On August 1, 2014, the Michigan medical malpractice plaintiff underwent arthroscopic surgery on his right shoulder that was performed by the defendant surgeons. Electrocautery (the process of heating tissues with electricity to seal blood vessels and stop bleeding) was used during the surgery. Electrocautery requires that an adhesive electrosurgical grounding pad be secured smoothly to and flush with a cleared area of a patient’s skin (there must be firm contact between the pad and the skin so as to prevent arcing of the electrical current and burns to the patient). When the grounding pad was removed from the plaintiff’s left lateral flank following the surgery, it was discovered that he had suffered a burn at the site of the pad.
The plaintiff’s Michigan medical malpractice lawsuit alleged that the grounding pad was not properly applied to the plaintiff’s side before the surgery was begun, that the standard of care required the defendant surgeons to check the pad before starting the surgery, and that the standard of care was breached because either the pad was not checked before the surgery began or the pad was checked and the inappropriate placement of the pad was ignored or not detected. The defendants moved for partial summary disposition pursuant to MCR 2.116(C)(10), and the trial court denied the defendants’ motion in a written opinion and order. The defendants appealed.
In its unpublished opinion dated October 24, 2019, the State of Michigan Court of Appeals (“Michigan Appellate Court’) affirmed the trial court’s denial of the defendants’ motion for summary disposition, stating: “Assuming that the standard of care did require Drs. Lederman and Kwartowitz [the defendant surgeons] to check the placement of the grounding pad at the beginning of the surgery, we note that Dr. Kwartowitz made no claim that he had done so, thereby breaching the presumed standard of care. With respect to Dr. Lederman, if we accept that he in fact checked the grounding pad, a malpractice claim can still be made on the basis that he did so negligently by failing to identify, or by ignoring, an improperly applied grounding pad. Dr. Corn [the plaintiff’s expert] opined that the grounding pad had not been correctly secured to plaintiff’s side at the start of the surgical procedure. He reached this conclusion because the pad was found puckered and not intact with plaintiff’s skin, and because, in Dr. Corn’s view, neither movement by plaintiff nor anything else could be identified as a contributing factor to the state of the pad. Dr. Corn’s deposition testimony was sufficient to create an issue of fact with respect to whether the grounding pad was appropriately placed on plaintiff and whether Dr. Lederman missed or ignored the improper placement. Accordingly, the trial court did not err in denying the motion for summary disposition. Moreover, considering our ruling, it becomes unnecessary to address the issue whether Drs. Lederman and Kwartowitz, having delegated the placement of the grounding pad to operating room staff, can be held liable for any negligent actions committed by surgical personnel in placing or applying the pad.”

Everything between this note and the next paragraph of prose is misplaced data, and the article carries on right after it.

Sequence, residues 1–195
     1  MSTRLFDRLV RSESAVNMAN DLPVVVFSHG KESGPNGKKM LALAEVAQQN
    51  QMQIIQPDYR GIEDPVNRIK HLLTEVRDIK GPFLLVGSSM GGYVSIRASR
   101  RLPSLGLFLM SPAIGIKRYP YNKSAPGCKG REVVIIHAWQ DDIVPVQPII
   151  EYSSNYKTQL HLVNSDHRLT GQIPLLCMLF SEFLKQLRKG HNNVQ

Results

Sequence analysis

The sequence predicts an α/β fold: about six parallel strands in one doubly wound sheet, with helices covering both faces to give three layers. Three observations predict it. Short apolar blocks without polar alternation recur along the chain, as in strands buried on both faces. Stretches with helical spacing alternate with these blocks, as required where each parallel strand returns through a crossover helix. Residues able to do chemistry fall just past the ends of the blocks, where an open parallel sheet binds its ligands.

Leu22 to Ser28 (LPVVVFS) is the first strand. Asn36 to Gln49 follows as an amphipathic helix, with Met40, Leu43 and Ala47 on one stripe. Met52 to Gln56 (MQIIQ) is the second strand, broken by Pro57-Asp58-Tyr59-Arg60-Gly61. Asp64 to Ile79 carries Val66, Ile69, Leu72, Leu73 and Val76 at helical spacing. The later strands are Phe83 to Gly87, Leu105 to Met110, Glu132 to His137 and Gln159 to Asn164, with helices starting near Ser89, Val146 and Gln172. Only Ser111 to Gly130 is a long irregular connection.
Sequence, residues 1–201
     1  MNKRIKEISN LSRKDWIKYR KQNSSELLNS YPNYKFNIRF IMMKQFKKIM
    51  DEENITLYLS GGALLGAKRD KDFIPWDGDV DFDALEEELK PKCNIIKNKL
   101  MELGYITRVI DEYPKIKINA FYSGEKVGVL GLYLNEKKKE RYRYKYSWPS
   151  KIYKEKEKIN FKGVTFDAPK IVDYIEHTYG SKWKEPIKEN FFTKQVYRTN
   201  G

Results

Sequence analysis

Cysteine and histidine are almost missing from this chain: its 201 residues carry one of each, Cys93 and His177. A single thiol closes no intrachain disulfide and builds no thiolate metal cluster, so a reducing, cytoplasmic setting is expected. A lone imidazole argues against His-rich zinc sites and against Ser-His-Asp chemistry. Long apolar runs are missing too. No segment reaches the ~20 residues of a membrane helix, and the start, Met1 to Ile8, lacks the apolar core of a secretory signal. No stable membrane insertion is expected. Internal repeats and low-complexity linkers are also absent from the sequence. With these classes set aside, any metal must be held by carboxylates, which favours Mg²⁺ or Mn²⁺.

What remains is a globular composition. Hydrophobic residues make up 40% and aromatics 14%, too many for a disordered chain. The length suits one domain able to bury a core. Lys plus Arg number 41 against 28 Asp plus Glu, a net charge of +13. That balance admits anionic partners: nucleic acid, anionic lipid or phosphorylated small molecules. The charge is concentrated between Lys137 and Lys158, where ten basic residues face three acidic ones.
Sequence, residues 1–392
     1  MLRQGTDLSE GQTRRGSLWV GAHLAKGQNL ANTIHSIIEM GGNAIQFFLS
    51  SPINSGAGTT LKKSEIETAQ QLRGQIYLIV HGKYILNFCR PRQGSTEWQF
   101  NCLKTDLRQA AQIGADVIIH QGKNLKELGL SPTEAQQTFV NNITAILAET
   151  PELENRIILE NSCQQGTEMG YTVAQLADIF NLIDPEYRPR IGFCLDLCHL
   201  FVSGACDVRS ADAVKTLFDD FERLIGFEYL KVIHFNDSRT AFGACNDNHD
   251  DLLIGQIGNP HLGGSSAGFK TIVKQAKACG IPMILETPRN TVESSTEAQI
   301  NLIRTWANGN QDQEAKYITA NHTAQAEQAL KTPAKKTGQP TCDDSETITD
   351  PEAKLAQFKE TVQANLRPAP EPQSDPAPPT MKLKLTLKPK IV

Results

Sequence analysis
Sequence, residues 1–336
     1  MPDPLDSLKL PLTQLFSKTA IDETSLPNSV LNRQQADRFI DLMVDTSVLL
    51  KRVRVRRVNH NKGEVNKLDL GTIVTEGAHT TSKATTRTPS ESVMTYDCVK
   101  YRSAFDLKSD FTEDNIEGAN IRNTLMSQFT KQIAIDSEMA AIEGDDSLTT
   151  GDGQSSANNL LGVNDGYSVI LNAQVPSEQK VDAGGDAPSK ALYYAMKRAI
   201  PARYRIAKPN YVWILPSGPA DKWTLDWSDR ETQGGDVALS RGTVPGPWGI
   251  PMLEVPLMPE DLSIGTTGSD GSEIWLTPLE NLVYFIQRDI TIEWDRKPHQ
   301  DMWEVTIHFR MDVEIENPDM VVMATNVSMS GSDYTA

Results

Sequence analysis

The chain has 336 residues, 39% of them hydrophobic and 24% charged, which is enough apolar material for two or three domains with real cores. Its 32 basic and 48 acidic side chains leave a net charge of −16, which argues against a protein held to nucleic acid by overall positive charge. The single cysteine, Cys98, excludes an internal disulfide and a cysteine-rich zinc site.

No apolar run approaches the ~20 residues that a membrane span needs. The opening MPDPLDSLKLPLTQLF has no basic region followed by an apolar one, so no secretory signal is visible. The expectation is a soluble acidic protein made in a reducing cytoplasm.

Source Abdulkarim v. Lederman, COA 341950.
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